Posted by Nathan on April 18, 2006 08:36 PM

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    » The Redemptive Historical Hermeneutical Approach to the Book of Proverbs from Fundamentally Reformed
    I just finished reading another excellent post on redemptive historical hermeneutics by my friend Nathan Pitchford. He has written an excellent article dealing with the interpretation of the book of Proverbs for Reformation Theology Blog. In the post, ... [Read More]

    Comments

    Excellent post Nathan.

    My one caution concerns attributing the wisdom spoken of in Proverbs as a direct reference to Christ. The cults (especially the Jehovah's Witnesses) have heard us Christians say these exact things and then use Proverbs 8:22-25 to teach the false doctrine that the Lord Jesus Christ was therefore a created being. Just something to be aware of.

    Nathan,

    Very persuasive, but the personification of wisdom in Proverbs may simply suggest that wisdom and God are coextensive in thought and action, rather than the same person. I recently posted on the subject:

    "While it is not uncommon to see wisdom and folly personified in Scripture, Proverbs chapter 8 is somewhat unique. In this passage, Solomon praises divine wisdom, a wisdom that partakes in creation, speaks truth, and offers life. The same can be said of Jesus. So is wisdom simply one of many divine attributes or is wisdom the divine person herself?

    "The dilemma is quite apparent. Wisdom is personified in the feminine [fn. omitted]. In the ancient world, it was not uncommon for wisdom to be personified in the feminine and even worshipped as a goddess. The Greeks worshipped Athena and the Egyptians worshipped their goddess Iris.

    "But, in a monotheistic culture, the praise of wisdom as divine is peculiar. In Hebrew, wisdom (“hokmah”) is a feminine noun. It can refer to both human and divine wisdom. The term can be defined as aptitude, skill, experience, and good sense. (Holladay Lexicon)

    "After examining Proverbs 8, some commentators, including Matthew Henry, conclude that wisdom refers to the Second Trinitarian Person. Matthew Henry writes: 'That it is an intelligent and divine person that here speaks seems very plain, and that it is not meant of a mere essential property of the divine nature, for Wisdom here has personal properties and actions; and that intelligent divine person can be no other than the Son of God himself, to whom the principal things here spoken of wisdom are attributed in other scriptures, and we must explain scripture by itself.'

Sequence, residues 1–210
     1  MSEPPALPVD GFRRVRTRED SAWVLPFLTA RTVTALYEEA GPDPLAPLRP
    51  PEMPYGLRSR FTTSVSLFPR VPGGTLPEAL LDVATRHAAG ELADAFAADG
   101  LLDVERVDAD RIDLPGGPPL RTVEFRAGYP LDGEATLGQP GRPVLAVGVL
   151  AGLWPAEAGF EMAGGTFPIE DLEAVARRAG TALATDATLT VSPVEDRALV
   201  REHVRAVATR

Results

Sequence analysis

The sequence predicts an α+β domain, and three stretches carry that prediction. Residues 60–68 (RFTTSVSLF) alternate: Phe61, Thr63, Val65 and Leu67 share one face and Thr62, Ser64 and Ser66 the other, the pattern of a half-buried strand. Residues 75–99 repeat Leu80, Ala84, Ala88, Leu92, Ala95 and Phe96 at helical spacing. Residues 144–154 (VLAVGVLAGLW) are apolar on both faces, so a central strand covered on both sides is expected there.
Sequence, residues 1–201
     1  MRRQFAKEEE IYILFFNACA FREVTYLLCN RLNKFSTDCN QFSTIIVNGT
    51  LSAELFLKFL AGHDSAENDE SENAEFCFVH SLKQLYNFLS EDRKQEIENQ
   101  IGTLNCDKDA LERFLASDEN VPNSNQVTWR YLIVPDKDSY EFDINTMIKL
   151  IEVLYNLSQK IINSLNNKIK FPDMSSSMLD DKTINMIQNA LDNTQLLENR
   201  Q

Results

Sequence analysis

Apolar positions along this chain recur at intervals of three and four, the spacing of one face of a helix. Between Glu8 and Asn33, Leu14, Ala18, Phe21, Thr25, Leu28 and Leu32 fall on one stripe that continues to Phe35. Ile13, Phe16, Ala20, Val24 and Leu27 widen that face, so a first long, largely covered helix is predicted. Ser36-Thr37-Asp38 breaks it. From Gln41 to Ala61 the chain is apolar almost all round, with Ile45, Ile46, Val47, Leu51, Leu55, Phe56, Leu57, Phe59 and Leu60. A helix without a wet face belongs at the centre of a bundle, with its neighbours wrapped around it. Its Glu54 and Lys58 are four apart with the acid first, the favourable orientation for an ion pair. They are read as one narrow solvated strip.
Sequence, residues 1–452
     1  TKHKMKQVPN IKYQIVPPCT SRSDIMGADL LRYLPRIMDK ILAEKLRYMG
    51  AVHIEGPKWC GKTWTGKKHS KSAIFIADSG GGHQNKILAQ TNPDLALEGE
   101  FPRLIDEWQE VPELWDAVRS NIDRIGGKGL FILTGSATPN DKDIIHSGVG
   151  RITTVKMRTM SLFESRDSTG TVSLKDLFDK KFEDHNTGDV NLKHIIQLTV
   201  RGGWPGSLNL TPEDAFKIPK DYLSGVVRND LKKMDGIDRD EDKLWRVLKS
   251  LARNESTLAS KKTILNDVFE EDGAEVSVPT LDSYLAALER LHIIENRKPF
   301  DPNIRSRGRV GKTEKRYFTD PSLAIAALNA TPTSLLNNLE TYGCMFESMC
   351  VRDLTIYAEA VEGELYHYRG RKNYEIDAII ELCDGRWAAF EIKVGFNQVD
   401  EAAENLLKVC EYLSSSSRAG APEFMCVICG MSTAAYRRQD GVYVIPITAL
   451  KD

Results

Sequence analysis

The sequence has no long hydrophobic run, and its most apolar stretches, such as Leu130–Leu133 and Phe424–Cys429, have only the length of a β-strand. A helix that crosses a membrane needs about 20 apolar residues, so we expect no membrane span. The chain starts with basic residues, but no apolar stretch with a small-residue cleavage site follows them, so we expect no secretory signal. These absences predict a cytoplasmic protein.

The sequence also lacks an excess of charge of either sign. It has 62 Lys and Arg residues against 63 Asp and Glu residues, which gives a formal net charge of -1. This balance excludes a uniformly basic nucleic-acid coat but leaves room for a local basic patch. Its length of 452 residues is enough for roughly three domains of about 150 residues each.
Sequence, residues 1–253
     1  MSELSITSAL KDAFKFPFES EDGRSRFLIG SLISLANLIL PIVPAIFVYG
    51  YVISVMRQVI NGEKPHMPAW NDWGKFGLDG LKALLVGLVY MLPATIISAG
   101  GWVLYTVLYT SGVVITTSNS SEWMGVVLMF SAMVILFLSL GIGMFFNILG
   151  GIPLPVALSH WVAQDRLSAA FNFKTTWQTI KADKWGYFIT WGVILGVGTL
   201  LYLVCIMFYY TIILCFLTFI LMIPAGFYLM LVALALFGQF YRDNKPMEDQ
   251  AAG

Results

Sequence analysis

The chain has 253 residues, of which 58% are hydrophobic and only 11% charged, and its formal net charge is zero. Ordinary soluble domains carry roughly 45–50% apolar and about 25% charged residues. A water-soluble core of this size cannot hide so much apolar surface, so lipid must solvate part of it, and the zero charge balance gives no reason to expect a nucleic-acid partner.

"I tend to agree, however, with commentators who reject this interpretation. Jamieson, Faussett, & Brown, for instance, explain that Proverbs 8 is the personification of wisdom, but not the description of a person. JF&B note that Solomon’s use of personification is entirely consistent with the literary style of the book. They also note that, while the Bible may use a masculine pronoun for a nonmasculine noun when referring to God (for example, spirit (gender neutral) takes on the masculine pronoun 'he' when referring to the Holy Spirit), the Bible consistently uses feminine pronouns in referring to wisdom. In other words, God knows how to adjust the language when speaking of Himself, but the fact that He does not do this in Proverbs 8 strongly suggests that wisdom is an attribute and not a person.

    "The lexicographers seem to agree. Although they recognize the personification of wisdom, they maintain that wisdom is not a divine person. Whitaker’s lexicon instead describes wisdom as 'a divine attribute or energy.' The Theological Wordbook of the Old Testament states: 'Wisdom should not be regarded as God but it does belong to God; it is one of his attributes. Wisdom has a personal existence in the living word of the NT, but wisdom is not the Logos herself.' (TWOT provides an extensive bibliography on the subject for anyone who is interested.)